When the Planet of the Apes saga began with Franklin J. Schaffner’s 1968 original, the titular apes were supposed to be a shocking revelation–apes that are smarter than the humans, and who view smart humans as a threat to their very way of life. Not all apes thought this way, with the compassionate Cornelius and Zira helping confused astronaut Taylor.
When it was announced last year that Nintendo would be releasing a sort of kitschy device that looked like a miniature version of their original Nintendo Entertainment System and came with 25 games loaded in, our nostalgic brains all jumped for joy. It was definitely very fun to play the old favorites, though the incredibly short controller cord and the fact that almost nobody could buy the darn things dampened the joy a bit.
Back in a more analog time of TV watching, if you wanted to make sure you could watch a show or event a second (or twentieth) time, you had to record it on a Video Home System (VHS) tape in a thing called a Video Cassette Recorder (VCR). The quality would be eh, whatever, but if you used the SLP setting, you could fit three full movies on one tape. Or, as in the case of me, three full Mystery Science Theater 3000 episodes, perfect for marathons any day of the week.
Muck Rack makes it simple to find people, tweets, or articles that mention any name, keyword, company, hashtag etc. We've compiled this guide to help you make the most of your search.
Selecting a term
Start searching tweets, articles from media outlets, articles mentioned in tweets, journalists'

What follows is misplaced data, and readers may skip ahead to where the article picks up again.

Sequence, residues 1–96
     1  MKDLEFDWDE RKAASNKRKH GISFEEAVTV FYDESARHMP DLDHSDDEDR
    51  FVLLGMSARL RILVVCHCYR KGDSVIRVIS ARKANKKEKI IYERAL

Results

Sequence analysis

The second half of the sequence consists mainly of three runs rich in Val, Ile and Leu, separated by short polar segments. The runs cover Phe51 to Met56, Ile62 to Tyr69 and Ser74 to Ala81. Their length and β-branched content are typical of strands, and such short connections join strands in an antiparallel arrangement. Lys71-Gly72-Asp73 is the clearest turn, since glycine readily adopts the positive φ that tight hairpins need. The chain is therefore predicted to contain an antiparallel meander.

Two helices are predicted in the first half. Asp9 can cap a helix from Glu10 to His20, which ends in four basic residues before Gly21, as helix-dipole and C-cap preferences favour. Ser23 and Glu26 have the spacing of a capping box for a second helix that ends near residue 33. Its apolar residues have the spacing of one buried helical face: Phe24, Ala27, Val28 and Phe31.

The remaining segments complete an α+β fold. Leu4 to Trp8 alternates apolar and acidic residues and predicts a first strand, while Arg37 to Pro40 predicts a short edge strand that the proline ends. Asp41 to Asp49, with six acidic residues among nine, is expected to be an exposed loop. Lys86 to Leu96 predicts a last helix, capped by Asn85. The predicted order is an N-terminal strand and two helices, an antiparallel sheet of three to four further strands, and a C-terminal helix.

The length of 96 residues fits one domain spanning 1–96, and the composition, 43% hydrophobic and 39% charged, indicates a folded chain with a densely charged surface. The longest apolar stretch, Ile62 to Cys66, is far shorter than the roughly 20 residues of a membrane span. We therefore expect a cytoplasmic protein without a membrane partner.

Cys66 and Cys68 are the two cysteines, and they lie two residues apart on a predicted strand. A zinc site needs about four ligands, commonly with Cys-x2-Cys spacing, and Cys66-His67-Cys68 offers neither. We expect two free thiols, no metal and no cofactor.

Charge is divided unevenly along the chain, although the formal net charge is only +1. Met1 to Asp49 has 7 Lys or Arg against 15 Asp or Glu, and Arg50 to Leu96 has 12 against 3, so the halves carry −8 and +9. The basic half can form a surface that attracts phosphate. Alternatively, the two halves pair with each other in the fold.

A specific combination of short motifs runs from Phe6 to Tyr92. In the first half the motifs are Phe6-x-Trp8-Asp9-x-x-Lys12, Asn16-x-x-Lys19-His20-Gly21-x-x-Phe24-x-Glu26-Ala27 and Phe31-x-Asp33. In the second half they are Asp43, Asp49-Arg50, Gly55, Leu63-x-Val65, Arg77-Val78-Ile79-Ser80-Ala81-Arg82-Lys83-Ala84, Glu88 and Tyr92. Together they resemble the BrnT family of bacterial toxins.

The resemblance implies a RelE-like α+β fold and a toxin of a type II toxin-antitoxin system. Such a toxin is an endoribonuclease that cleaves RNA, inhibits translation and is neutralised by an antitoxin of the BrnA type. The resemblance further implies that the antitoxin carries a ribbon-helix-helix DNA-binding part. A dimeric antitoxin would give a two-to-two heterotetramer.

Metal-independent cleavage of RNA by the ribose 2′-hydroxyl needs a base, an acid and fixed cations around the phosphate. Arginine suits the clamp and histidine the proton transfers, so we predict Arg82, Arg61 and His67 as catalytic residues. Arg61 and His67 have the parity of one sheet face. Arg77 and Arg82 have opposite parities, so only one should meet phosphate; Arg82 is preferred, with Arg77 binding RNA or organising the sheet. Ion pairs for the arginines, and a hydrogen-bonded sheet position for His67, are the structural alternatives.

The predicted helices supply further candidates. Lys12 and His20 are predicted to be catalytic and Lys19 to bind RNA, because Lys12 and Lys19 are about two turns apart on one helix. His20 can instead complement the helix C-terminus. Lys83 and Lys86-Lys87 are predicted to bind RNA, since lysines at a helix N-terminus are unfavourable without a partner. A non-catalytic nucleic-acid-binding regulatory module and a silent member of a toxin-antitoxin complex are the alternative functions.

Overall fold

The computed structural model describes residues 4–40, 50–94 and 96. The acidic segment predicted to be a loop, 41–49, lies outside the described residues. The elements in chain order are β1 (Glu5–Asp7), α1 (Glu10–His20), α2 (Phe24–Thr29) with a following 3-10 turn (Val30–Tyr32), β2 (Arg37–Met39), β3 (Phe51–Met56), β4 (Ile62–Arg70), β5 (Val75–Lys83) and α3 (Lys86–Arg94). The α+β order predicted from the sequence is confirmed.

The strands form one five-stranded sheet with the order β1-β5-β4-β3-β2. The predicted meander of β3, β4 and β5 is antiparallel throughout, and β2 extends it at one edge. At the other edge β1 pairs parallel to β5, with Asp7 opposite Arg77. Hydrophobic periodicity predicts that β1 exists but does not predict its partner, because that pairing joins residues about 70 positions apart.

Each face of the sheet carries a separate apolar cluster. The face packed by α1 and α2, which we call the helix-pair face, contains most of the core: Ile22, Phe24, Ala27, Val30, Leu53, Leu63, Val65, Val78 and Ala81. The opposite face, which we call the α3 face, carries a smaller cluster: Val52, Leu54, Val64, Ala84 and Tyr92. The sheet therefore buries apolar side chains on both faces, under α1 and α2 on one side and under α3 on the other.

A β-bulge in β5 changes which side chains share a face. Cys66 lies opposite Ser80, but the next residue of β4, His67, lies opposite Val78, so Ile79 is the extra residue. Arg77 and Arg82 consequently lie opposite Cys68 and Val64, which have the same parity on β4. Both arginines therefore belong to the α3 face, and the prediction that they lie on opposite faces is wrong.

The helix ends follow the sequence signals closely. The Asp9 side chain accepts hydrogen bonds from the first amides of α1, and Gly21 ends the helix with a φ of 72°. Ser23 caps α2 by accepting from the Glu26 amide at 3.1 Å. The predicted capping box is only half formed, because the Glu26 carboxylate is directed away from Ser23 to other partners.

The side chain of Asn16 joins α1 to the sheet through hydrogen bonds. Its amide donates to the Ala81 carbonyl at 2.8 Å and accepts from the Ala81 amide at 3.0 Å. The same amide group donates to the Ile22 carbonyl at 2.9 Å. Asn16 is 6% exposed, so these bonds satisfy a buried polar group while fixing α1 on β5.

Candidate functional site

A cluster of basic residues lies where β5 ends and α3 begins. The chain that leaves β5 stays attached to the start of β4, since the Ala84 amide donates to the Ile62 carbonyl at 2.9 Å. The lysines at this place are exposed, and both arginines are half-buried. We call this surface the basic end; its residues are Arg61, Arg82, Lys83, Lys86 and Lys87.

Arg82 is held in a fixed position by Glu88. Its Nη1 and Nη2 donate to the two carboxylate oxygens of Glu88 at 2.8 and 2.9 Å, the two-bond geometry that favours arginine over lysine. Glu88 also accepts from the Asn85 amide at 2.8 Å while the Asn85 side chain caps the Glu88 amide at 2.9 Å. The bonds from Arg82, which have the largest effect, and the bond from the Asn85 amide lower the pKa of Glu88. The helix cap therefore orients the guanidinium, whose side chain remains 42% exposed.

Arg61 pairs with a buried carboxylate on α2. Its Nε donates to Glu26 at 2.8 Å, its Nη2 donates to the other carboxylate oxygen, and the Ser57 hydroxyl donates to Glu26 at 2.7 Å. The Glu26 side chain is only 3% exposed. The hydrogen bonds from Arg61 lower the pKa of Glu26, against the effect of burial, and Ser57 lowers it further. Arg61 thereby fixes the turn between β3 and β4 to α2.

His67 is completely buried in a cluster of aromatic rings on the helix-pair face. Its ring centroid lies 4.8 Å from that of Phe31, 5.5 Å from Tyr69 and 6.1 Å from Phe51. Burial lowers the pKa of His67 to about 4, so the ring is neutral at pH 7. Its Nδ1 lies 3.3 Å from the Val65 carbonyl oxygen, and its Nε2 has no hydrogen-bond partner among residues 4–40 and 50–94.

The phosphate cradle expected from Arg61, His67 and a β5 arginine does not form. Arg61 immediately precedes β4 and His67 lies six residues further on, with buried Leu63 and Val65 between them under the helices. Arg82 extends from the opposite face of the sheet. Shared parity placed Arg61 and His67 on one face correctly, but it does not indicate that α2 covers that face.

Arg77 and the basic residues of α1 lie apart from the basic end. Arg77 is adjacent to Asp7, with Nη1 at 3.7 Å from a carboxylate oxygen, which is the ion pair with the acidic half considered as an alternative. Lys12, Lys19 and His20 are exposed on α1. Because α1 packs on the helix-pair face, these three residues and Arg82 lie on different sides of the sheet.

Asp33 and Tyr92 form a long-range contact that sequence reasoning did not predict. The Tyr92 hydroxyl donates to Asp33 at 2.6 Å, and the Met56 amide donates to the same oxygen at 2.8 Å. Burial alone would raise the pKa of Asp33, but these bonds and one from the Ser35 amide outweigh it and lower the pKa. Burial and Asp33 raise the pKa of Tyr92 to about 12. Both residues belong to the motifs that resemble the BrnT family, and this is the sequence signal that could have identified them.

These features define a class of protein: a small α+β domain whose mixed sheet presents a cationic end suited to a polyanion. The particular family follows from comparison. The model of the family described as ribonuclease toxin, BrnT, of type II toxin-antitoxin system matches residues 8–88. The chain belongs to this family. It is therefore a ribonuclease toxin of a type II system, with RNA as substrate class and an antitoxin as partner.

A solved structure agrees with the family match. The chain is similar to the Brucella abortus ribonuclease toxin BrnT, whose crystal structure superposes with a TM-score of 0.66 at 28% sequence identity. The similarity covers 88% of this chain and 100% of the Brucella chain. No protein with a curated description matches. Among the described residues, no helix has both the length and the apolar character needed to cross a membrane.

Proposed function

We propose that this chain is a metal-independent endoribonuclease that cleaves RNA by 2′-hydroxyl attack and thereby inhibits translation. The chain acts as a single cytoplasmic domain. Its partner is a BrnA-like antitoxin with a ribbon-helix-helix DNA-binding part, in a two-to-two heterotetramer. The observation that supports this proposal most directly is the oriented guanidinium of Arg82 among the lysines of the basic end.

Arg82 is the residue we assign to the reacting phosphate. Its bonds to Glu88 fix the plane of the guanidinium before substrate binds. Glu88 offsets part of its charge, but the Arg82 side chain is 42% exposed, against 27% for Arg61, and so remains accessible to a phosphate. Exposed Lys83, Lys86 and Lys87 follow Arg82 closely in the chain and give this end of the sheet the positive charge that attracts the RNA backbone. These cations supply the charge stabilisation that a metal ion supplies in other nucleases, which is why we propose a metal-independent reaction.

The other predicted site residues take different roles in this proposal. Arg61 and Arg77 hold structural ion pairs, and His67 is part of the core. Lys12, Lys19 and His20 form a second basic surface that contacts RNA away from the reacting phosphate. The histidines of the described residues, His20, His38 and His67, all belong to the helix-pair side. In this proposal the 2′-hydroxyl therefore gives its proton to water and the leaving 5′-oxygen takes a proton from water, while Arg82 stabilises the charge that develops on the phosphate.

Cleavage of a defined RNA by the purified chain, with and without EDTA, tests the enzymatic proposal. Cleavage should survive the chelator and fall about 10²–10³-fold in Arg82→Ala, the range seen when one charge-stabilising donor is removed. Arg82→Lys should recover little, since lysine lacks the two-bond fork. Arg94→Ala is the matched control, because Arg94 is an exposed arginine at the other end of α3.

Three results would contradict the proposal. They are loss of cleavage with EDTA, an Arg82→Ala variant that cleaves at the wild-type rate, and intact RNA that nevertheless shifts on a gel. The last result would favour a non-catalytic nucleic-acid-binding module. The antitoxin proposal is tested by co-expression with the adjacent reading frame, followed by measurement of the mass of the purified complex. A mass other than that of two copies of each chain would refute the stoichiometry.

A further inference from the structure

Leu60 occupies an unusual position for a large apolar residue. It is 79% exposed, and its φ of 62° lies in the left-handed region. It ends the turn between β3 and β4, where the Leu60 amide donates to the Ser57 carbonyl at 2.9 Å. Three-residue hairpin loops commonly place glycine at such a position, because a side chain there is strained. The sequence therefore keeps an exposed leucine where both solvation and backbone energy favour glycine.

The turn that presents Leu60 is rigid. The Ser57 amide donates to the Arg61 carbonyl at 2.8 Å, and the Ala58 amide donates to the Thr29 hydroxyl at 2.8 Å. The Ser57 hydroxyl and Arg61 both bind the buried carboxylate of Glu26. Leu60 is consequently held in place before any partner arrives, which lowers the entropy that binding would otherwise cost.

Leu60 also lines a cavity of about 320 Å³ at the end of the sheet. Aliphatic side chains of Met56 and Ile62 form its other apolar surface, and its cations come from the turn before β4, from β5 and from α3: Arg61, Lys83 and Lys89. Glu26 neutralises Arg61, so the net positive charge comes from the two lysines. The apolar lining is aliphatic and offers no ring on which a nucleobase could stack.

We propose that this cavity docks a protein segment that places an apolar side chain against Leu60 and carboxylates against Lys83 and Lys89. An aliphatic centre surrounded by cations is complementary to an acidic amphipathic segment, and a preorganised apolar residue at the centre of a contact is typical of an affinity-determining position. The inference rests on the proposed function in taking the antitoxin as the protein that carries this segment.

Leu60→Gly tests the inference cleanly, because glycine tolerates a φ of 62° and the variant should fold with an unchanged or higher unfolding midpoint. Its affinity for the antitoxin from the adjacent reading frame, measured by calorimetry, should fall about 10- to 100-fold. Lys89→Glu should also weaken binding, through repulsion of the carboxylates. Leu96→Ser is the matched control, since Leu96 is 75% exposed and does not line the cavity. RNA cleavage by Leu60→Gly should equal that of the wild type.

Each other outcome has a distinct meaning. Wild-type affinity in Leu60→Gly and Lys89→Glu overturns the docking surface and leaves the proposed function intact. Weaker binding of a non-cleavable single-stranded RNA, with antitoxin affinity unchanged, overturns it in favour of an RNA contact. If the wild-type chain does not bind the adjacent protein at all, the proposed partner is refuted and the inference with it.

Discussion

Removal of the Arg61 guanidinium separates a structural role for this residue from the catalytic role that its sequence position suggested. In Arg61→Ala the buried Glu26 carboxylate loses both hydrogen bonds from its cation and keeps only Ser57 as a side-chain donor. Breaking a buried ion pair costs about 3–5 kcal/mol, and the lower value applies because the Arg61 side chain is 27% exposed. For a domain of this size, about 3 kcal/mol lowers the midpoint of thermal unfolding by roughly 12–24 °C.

names, titles and bios with some suggested searches:
Companies or Topics (e.g. iPhone, Microsoft)
Phrases (e.g. "cloud computing") — use quotes to keep the terms together
Twitter handles (e.g. @username) — returns those who have mentioned or replied to
Names (e.g. "David Pogue")
Hashtags (e.g. #sxsw, #london2012)
Bio details (e.g. vegan, Olympics, father)
Muck Rack's Advanced Search allows for many boolean operators.
Find results that mention multiple specified terms, use AND or
+. For example, ensure each result contains both Elon Musk and Mark Zuckerberg by
searching Obama AND Romney or Obama + Romney.
Use the operators OR or , to broaden your search when you'd like either of
multiple terms to appear in results. (This is the default behavior of our search when no operators
are used.) For example, search for democrat OR republican to find results that refer to
Democrats and/or Republicans.
Use NOT or - to subtract results from your search. For
example, searching Disney will yield results about the Walt Disney Company as well as Walt Disney
World Resort. To exclude mentions of Disney World, search for Disney -World or Disney
When using one of these operators with a phrase, enclose it in quotation marks. For example, you can
find results about smartphones excluding Apple's iPhone 4S by searching smartphone -"iPhone
Exact case matching or punctuation
If you're searching for a brand name or keyword that relies on specific punctuation marks or capitalization, you can
find results that match your exact query by adding matchcase: before the keyword you're searching for, like matchcase:E*TRADE .
Use parentheses to separate multiple
boolean phrases. For example, to find journalists talking about having fun in Disney World or
Disneyland, search for ("disney world" OR disneyland) AND fun.
An asterisk can be used to search for any variation of a root word truncated by the asterisk. For example, searching for admin* will return results for administrator, administration, administer, administered, etc.
A near operator is an AND operator where you can control the distance between the words. You can vary the distance the near operation uses by adding a forward slash and number (between 0-99) such as strawberries NEAR/10 "whipped cream", which means the strawberries must exist within 10 words of "whipped cream".